Now, when you think about a wearable device, chances are that a FitBit or Apple watch spring to mind first. These devices are most likely a regular sighting at your gym, used to track and monitor exercise output and performance.
But were you aware that this technology is expanding its reach into the field of life sciences and clinical trials? In fact, they’re being used to collect and analyse patient data in real-time.
Old vs New
As with all technology, this type has become increasingly sophisticated. Originally, wearables were glorified pedometers and now, they have features and sensors which undergo varying levels of scrutiny by health organisations such as the FDA. Whilst some interrogation occurs, there are still many gaps within existing regulations for this type of technology or data collection device.
2017 saw the debut of the first FDA-approved pill with a packaged sensor for tracking patient usage.
Changes in patient data collection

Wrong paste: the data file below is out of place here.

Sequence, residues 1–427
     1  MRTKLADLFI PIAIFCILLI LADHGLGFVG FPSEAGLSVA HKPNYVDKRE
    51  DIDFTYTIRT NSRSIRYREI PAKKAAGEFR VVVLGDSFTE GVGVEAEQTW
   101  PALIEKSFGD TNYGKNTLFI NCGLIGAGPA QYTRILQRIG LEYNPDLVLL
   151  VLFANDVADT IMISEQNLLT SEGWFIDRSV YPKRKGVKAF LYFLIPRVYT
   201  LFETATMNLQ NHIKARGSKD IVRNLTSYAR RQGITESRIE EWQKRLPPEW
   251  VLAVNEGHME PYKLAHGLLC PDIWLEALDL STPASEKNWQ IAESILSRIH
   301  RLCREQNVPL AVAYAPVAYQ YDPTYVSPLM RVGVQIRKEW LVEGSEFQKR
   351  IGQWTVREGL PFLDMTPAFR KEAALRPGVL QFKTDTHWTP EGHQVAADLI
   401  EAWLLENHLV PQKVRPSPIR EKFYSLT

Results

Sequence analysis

It’s worth noting that this trend of mobile health is not just limited to the use of wearables but also encompasses other areas such as remote patient monitoring and COVID-19 testing apps.
Just as we saw with the increased adoption of decentralised clinical trials during the pandemic, this digital transformation within clinical trials combined with the need to make it easier for a patient to be involved in a trial may have caused the shift in data collection and reporting.
It may even be the case that there is (or will be) a correlation between the increased use and acceptance of wearable devices gathering data within trials.
With the use of wearable technology expanding into other remits, we can be certain that this market will continue to grow but in doing so, questions will be raised regarding the safety, collection and integrity of the data.
We delve into this and more in our fully revised Guide to wearable devices, clinical trials and data integrity which you can access for FREE here.
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